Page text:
Why Keystone Resort Is Great for Kids

Why Keystone Resort Is Great for Kids

This Colorado ski resort has mastered the art of family fun, offering plenty of kid-friendly programs and activities By: Heather Mundt
<p>Keystone, owned by Vail Resorts, offers free ski passes for kids ages 12 and younger. // © Michael Mundt</p><p>Feature image (above): Only 14...

Keystone, owned by Vail Resorts, offers free ski passes for kids ages 12 and younger. // © Michael Mundt

Feature image (above): Only 14 percent of the ski trails at Keystone are on “easy” terrain, and the rest are for more advanced guests. // © 2016 Michael Mundt

Related Content

Spring training in Arizona is another fun family travel idea.

The Details

As a Colorado native, I’m embarrassed to admit this: My family and I had never skied Keystone resort before last year. And as a mom of two boys, I had no idea what we were missing. 

Between the resort’s kid-centered Kidtopia and Kids Ski Free programs — which offer free passes for kids ages 12 and younger staying at least two nights, without blackout dates — Keystone, owned by Vail Resorts, has rightfully earned its reputation as one of the most family-friendly resorts in North America. It has also earned the distinction as my boys’ new favorite ski spot. 

Here’s why your family shouldn’t wait as long as we did to experience “the place where kids rule.”

For starters, the resort’s Kidtopia family programming is simply unparalleled. Kidtopia Headquarters, located at Dercum Square at River Run Village across from Dercum Square Ice Rink, offers a host of unique activities that kids can enjoy, including playing games, dressing up as a ski patroller or face painting.

There are also plenty of outdoor Kidtopia activities, such as a scavenger hunt or giant-snowball launch. Or kids can go on a “Search for Bigfoot” adventure walk, where they learn about the area while searching for the fabled beast, as well have the chance to meet the resort’s avalanche rescue “avy” dogs. 

Additionally, every Saturday from late November to the end of the season, Keystone’s ski-school mascot, Ripperoo, leads an afternoon parade of “ski-school friends” to the ice rink for free cookies. The finale is a 7 p.m. fireworks display over Dercum Mountain.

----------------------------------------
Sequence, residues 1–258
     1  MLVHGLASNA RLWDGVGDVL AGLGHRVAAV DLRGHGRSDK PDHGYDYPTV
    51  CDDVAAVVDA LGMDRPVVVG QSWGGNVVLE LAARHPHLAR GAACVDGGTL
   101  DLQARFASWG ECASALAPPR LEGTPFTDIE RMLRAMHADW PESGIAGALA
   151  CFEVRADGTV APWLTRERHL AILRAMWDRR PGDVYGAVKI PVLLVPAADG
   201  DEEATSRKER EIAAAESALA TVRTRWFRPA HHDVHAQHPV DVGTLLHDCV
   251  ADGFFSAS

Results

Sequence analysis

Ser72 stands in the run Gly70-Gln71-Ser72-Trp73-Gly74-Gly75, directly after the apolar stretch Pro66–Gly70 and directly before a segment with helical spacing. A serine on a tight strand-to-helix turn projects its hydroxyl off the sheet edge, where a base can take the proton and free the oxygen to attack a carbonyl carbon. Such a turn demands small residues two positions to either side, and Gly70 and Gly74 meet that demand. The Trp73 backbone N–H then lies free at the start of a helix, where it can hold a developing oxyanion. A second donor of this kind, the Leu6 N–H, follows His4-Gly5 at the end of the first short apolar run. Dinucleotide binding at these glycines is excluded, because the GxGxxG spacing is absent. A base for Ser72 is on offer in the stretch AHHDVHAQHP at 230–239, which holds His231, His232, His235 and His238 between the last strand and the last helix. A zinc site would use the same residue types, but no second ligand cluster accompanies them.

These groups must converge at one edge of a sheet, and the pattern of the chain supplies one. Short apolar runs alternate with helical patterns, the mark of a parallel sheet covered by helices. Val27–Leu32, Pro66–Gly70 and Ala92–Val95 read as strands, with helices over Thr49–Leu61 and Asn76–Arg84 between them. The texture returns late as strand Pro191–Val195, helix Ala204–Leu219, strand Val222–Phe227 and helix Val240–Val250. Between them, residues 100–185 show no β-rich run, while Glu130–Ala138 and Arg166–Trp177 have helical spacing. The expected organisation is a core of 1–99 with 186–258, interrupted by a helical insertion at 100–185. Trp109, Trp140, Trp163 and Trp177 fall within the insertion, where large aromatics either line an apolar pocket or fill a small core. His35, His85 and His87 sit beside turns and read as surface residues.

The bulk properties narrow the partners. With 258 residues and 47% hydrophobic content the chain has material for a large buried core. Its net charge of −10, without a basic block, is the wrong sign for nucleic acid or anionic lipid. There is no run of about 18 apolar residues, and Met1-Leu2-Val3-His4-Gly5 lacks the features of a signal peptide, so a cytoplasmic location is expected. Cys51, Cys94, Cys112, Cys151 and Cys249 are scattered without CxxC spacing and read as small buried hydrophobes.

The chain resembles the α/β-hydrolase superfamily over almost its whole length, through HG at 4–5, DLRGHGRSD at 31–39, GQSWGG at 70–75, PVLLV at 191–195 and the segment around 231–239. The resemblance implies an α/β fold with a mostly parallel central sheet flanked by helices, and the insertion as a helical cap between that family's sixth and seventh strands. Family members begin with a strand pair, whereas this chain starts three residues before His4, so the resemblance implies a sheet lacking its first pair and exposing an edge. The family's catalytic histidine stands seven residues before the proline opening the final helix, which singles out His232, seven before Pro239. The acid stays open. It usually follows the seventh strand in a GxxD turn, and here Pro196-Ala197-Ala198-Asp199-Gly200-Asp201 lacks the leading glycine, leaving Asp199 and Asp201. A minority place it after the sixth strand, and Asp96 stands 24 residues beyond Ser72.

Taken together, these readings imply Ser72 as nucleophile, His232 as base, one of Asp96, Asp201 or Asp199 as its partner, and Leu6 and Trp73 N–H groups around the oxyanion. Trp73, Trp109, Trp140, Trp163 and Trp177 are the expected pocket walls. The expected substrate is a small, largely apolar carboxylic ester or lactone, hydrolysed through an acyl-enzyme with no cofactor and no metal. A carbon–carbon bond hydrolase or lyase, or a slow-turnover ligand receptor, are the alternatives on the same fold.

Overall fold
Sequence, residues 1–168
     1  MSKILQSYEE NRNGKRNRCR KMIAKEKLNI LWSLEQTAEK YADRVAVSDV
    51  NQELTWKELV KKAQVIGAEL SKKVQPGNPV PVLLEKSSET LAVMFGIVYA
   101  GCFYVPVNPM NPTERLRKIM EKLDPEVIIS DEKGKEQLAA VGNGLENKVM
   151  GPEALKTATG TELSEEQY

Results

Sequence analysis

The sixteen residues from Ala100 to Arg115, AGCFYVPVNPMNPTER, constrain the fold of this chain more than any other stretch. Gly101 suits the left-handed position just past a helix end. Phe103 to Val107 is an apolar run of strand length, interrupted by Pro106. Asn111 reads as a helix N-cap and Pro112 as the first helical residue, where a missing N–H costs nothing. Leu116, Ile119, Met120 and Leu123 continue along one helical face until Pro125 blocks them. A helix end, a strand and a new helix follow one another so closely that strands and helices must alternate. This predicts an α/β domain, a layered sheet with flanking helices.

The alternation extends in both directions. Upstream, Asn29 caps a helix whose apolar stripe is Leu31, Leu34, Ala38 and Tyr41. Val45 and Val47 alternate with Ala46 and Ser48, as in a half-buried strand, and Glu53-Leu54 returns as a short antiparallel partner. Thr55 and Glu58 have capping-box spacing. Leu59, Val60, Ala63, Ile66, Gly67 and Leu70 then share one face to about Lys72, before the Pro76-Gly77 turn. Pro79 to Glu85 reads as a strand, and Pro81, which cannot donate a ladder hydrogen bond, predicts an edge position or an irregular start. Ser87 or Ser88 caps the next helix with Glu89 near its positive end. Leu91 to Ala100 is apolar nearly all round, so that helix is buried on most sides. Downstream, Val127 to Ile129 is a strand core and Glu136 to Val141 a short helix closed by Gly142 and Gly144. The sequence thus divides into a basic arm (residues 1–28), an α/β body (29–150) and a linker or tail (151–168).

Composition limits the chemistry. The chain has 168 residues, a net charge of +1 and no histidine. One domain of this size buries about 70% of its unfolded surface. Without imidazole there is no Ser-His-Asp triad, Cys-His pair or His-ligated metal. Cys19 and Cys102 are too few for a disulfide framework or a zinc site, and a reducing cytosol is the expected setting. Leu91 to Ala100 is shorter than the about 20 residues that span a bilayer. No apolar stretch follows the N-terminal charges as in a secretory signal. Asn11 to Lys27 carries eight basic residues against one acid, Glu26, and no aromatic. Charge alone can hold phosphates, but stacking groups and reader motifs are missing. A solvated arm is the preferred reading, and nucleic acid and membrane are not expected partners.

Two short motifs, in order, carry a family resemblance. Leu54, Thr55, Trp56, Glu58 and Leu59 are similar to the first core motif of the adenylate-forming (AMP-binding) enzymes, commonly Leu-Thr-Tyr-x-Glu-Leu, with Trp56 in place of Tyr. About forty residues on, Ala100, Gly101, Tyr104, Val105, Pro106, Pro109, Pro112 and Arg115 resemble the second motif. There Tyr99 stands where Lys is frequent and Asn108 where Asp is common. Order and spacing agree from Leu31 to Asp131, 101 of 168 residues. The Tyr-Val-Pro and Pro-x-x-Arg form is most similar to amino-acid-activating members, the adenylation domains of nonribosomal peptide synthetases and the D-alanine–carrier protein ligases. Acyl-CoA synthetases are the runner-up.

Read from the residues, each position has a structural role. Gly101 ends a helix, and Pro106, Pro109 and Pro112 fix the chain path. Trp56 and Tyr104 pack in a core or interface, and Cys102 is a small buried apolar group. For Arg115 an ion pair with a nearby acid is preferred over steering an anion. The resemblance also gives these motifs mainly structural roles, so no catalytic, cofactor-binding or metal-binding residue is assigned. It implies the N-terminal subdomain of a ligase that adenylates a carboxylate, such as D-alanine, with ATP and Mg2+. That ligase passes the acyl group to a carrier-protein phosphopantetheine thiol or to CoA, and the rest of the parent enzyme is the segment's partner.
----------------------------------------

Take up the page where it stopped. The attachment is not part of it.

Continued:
Something for Everyone
What surprised us most about Keystone is that it’s not just for families; it’s a perfect Colorado destination for just about anyone who loves to ski or snowboard. Located just a 90-minute drive from Denver International Airport, the resort offers more than 3,000 acres of skiable terrain, roughly the same as nearby resorts Winter Park and Breckenridge. 

And not only does the resort claim the longest ski day — 8:30 a.m. to 8 p.m. on nine trails — but just 14 percent of the named ski trails comprise “easy” terrain, leaving the remaining to more advanced runs. Add in five bowls and the A51 Terrain Park, including six sections from beginner to advanced, and my die-hard skier husband was as thrilled as the kids to ski Keystone. 

Elevated Mountain Adventures
Most ski resorts also provide a selection of non-skiing adventures, be it sledding, riding in a horse-drawn sleigh or enjoying a snowcat tour. Keystone offers that and more. 

For instance, a ride to the top of Dercum Mountain via the River Run Gondola reveals Kidtopia Snow Fort, the world’s largest snow fort. A 60-foot-wide, 75-foot-long, 25-foot-high structure complete with mazes and slides, the fort allows plenty of warm-up for more fun next door at Adventure Point. Designated the world’s highest tubing hill (at an elevation of 11,640 feet), it offers six lanes and 600 feet of downhill delight, followed by an easy ride back to the top via the covered, space-age conveyor. 

After working up an appetite, there’s one more gondola ride to the top of North Peak for a fun-filled dinner at Der Fondue Chessel. My kids loved the Bavarian Alps theme, with servers decked out in dirndl dresses or lederhosen. But even more, they loved dipping delicacies into Swiss-cheese fondue and cooking on traditional “raclette” cheese grills. Don’t be surprised, though, by a compulsion to join in the Chicken Dance before dinner’s end.